After addressing the fears you have about your partner and your relationship, Johnson recommends couples talk about what they can do to assuage these fears. One of the clients in her book uses an awesome hockey analogy– spouses may find themselves wearing metaphorical hockey masks, but they can’t connect with each other unless they take them off. As the woman explains it, “Some part of me says that opening up like that is just asking to be smashed in the face,” but partners can’t understand each other if one or both of them always play defense. They have to be willing to come out from behind their protective barriers and reach for the other. (154) “By knowing and trusting their own emotions and reaching past their fears, (partners) are stronger, individually and together. When couples can do this, they can more easily repair conflicts and rifts and shape a nurturing, loving connection.” (156)
Johnson suggests the following for discussing attachment needs:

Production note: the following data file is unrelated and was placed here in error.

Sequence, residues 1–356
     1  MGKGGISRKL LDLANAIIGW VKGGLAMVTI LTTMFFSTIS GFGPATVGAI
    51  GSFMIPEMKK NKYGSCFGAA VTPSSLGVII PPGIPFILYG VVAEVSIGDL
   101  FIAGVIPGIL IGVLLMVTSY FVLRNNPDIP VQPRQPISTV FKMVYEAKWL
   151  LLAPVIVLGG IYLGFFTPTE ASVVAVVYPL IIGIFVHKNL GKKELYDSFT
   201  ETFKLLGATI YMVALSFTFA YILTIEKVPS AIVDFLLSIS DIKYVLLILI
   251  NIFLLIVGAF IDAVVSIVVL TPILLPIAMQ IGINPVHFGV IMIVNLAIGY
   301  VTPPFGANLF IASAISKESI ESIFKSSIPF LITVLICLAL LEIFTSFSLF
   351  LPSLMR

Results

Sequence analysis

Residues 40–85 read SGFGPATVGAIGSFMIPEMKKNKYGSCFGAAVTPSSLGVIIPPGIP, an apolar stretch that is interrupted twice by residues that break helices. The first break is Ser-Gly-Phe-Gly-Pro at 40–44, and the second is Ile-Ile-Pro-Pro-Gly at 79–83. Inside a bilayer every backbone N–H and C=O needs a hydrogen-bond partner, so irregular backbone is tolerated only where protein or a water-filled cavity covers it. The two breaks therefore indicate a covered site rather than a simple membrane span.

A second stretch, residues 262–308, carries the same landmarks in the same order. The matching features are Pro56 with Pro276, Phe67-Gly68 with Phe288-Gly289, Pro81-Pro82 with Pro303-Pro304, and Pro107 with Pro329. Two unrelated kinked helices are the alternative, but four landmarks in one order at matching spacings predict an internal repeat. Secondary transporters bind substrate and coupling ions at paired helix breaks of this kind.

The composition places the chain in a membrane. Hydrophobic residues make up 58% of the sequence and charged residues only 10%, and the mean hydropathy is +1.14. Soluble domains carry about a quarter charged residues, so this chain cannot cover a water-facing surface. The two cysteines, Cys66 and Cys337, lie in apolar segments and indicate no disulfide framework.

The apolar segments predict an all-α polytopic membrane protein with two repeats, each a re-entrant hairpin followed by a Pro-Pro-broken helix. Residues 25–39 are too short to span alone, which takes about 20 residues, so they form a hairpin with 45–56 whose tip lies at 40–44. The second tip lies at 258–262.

• What makes it difficult for you to talk about this with your partner?
• What can they do to make it easier?
• What do you need from your partner to feel secure and loved?
In her book, Johnson helps her clients by reminding them it is only natural to crave support and reassurance from their loved ones. It’s not weak or unreasonable to want your spouse to be there for you. People were designed to need other people. “And let us consider how to stir up one another to love and good works, not neglecting to meet together, as is the habit of some, but encouraging one another, and all the more as you see the Day drawing near. (Hebrews 10:24-25 ESV)
Do you need help talking about feelings?
Talking to your partner about your fears regarding the relationship or how they can better support your can be scary, particularly if these kinds of discussions were not welcome in your past relationships. Consider sitting down with a Christian marriage counselor who can help get the conversation started. A relationship counselor may even be able to help you both pinpoint the fears you’re dealing with and what triggers them. Professional counseling is also an opportunity to see where you create barriers against intimacy, why you create them, and how to deconstruct them. And if one or both of you tend to avoid or put off these kinds of necessary discussions, a counseling session will be the ideal tool to getting you to sit down and confront them.
Images cc: freedigitalphotos.com -“Couple” by Tina Phillips
“Frangipani Flower On Old Brick Wall” by domdeen